With the packer set, the work string can be lowered against the packer to slide the arbor relative to the housing to align ports 1d and 2c. This is a valving action, as will be later described.
FIG. 3 should be addressed in conjunction with FIGS. 1A and 1B. This is a surface development of grooves 1b and 1f in the cylindrical surface of arbor 2 viewed toward the apparatus centerline. Lug 2a is dotted in at position A and is trapped in groove 1f. The grooves 1f and 1b are on arbor 1 and, hence, are responsive to work string movement. Stress key 3 is biased radially inward from close-fitting pocket 2b and, hence, like lug 2a, can force movement of housing 2.
If the lug 2a is in position A, forward work string rotation can drive the lug left to rotate the packer arbor. If the work string is forced downward, lug 2a will tend to move along dashed line b1. Key 3, now clear of groove 1b, will slide along dashed line b2, provided the work string is rotated clockwise. When lug 2a reaches point B, the valve ports 1d and 2c are aligned and open. The work string can rotate the packer mandrel in either direction at position B.
From position B, the work string can be pulled upward Ito close the port 1d-2c valve, and from position c, the lug 2a can only move right in groove 1f, along dashed line d1, around to dashed line a1. Lug 2a cannot move from position C to position B, because key 3 will drop into groove 1b at position C to prohibit relative axial motion between arbor 1 and housing 2 until the workstring is rotated clockwise until key 3 is again at position A, in the discontinuity of groove 1b.
Note that the lug end groove arrangement permits the packer to be "set" or released whether the circulating valve (ports 1d and 2c) is opened or closed either before or after the gravel screen is released and fluid channel crossover is accomplished.
FIGS. 4A and 4B show a side view of key 3 and the related pocket 2b and groove 1b. Spring 3a is a compression spring. The groove 1b extends as shown in FIG. 4B almost completely around arbor 1. Near the peripheral position A of FIG. 3, the groove shallows out to a cylindrical surface, and key 3 can move vertically until the work string moves down enough to drop key 3 into groove 1b, the arbor 1 can move within limits imposed by lug 2a in groove 1f (of FIG. 3). The function of key 3 is to prevent return of lug 2a from position C to position B until the work string is rotated around to put lug 2a in position A. Key 3 also carries most of the axial load on large surfaces to protect the necessarily small lug 2a.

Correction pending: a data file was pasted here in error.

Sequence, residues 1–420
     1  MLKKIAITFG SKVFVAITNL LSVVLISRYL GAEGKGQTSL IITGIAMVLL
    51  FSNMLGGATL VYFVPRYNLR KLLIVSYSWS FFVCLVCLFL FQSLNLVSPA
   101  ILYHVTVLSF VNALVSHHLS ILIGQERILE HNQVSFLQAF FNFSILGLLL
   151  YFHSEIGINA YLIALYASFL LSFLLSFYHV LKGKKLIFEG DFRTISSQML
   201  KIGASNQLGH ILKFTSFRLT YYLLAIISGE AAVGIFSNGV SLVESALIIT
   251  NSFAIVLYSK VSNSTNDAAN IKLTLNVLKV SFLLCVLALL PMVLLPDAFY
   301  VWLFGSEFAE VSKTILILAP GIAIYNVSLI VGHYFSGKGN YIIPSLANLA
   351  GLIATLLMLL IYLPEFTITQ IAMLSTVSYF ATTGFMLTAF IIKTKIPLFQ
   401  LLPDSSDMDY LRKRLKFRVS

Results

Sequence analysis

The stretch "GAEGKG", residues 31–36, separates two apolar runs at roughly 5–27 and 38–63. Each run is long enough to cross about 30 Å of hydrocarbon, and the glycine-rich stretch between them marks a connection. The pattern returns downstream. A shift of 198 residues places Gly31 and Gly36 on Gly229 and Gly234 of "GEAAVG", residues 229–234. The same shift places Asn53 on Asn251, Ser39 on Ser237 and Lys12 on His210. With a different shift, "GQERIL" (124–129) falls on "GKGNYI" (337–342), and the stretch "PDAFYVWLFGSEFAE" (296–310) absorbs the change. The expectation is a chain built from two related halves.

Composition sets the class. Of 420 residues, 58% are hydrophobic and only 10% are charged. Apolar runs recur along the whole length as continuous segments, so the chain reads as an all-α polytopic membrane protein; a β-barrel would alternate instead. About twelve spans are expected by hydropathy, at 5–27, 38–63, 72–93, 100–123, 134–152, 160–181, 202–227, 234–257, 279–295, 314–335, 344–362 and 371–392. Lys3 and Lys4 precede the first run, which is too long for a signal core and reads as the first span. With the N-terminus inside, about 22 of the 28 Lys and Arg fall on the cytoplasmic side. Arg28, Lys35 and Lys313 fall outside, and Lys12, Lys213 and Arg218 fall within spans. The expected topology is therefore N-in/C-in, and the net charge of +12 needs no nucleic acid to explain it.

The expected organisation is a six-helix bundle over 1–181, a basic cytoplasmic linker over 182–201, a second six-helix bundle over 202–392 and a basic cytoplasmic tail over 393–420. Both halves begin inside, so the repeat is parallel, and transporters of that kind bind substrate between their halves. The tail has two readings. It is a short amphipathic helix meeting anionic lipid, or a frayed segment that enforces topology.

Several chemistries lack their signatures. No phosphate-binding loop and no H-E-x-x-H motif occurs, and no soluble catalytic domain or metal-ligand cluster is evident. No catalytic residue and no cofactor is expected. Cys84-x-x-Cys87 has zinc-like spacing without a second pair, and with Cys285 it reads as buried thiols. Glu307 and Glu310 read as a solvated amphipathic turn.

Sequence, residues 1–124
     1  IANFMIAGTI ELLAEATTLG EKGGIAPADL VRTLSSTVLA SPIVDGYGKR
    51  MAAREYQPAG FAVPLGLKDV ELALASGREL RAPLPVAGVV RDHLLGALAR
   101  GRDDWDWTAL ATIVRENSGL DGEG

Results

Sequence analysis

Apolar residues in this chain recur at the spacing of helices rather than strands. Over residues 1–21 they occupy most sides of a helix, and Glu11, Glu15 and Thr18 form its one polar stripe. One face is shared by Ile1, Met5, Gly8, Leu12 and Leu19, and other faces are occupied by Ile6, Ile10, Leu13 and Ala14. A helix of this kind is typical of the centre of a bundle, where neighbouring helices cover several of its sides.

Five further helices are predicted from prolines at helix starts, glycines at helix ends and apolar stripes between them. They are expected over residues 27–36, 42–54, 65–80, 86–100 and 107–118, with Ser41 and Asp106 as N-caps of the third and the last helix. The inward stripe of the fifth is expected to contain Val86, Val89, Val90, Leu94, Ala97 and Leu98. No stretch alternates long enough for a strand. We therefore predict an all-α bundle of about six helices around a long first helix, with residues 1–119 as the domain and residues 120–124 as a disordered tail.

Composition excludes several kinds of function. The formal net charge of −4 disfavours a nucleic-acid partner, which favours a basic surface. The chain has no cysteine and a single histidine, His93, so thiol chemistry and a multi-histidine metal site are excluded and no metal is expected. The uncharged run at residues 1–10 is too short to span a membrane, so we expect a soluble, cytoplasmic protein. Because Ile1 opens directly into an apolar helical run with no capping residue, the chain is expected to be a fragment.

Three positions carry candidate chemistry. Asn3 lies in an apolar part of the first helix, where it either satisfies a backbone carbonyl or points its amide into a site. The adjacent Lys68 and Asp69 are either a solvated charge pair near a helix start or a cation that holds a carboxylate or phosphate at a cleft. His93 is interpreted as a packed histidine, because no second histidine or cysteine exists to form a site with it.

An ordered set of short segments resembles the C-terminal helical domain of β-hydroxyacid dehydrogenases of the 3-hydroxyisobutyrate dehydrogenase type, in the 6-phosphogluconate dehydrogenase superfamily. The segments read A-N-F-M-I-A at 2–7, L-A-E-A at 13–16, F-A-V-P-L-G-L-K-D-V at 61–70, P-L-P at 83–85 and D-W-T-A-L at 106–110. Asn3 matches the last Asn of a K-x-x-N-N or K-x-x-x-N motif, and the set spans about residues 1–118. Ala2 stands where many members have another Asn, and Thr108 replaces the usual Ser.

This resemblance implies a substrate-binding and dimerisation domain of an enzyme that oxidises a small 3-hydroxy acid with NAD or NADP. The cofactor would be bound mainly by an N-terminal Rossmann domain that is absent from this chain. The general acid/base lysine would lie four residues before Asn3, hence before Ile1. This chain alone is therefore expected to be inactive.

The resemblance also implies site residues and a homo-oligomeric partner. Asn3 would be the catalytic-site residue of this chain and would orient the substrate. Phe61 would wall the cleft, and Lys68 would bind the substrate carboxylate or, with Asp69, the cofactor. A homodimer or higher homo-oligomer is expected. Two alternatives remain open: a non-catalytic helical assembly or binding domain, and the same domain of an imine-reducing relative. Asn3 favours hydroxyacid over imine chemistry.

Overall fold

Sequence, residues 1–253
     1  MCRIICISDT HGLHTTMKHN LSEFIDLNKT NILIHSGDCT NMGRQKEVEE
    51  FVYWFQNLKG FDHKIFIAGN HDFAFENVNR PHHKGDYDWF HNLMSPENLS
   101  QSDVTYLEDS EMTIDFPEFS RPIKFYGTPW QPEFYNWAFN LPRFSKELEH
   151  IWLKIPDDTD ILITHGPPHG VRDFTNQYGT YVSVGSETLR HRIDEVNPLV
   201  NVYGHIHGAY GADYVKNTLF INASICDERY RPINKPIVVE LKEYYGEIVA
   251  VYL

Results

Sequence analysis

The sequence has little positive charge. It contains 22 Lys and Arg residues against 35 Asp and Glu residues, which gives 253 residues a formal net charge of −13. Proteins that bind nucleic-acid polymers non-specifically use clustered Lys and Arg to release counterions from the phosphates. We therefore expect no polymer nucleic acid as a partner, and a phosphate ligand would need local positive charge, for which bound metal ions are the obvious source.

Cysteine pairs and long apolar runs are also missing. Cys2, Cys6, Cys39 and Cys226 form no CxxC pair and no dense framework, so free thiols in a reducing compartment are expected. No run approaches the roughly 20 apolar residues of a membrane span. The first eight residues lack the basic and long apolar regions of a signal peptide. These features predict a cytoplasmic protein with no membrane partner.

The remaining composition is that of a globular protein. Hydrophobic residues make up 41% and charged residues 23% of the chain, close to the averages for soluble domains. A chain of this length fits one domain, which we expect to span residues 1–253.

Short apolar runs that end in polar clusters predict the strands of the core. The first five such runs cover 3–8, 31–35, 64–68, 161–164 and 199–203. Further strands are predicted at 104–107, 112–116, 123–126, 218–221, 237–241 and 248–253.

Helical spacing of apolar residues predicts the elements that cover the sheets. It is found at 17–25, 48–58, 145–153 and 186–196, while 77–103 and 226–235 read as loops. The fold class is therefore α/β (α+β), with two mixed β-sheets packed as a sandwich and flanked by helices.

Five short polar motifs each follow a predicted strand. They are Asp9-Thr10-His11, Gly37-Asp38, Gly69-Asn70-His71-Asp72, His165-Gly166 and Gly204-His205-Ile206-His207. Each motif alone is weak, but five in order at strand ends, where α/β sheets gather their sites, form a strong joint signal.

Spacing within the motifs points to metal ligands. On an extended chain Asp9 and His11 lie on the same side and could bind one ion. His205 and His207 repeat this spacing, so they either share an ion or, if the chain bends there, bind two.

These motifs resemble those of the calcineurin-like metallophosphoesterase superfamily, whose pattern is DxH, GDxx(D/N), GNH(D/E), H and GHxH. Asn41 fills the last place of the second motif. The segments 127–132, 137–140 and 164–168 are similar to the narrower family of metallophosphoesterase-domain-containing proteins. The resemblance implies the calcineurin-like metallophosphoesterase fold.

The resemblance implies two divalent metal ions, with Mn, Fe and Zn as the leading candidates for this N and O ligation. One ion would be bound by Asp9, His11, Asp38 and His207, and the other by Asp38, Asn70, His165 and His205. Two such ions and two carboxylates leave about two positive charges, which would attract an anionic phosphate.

Once the screen assembly has been released, the packer can be unseated from the well bore wall by rotating the work string counterclockwise and lifting the load off the packer. The work string can then be moved upward until the lower end of stringer washpipe 8 has been moved above O-ring sub 12. The fluid communication to bore 8a then includes both screens 11 and 13. The stinger is still sealed against nipple 9. The packer is reset in this position by clockwise rotation of the work string and application of weight.
When operations yet to be described are complete, the packer is unseated by counterclockwise rotation and lifting of the work string, and the work string is removed from the well. This leaves the entire screen assembly in the well but recovers the stinger 8 and all elements above the stinger.
Having described the mechanical functions of the various features of the apparatus, operational matters can now be more effectively described.
In the run-in configuration of FIGS. 1A and 2A, the apparatus is usable to reverse out jell pills in the well from previous operations. Sand fill found in the well can be reversed to clean up the well bore to the bottom or bridge plug.
In the run-in configuration, the packer can be set, and surge valves up hole in the work string can be actuated This is old art involving the collapse of an air column trapped up hole in the work string to flow shock the formation.
With the packer set and the foot valve well above the perforations, a sand or gravel prepack can be run in the well and into the formation with fluid rising in the well annulus. After prepack is complete, sand settles out in the annulus and is reversed out, totally cleaning up the well bore. The packer can be set at will by clockwise rotation and downthrust, and various flow test and sequence operations can be performed. The order of such squeeze, flow, and prepack operations vary with circumstance but depend upon the tool utility for choices made by operators.
Crossover and screen release actuation is not a directly reversible process and is often preceded by various tests in the run-in configuration. Crossover and screen release can be done at any time by dropping plug 16 down the work string bore and applying fluid pressure to the work string. Common practice, however, will involve positioning the foot valve 14 about two feet above hole bottom and setting the packer before release of screens.
After plug 16 is in place, packer set, and screens released, the well annulus is divided into upper annulus above the packers and lower annulus below the packer. Fluid communication from the upper annulus goes through the circulation valve (ports 1d and 2c) when open, bore 1c, tubular annulus 2d, 4c, and 5b, veins 5e, ports 6a, bores 6b and 8a, and the inside of screen 13.
The work string bore will be communicated to the lower well bore annulus by bores 1c and 5c and ports 5d.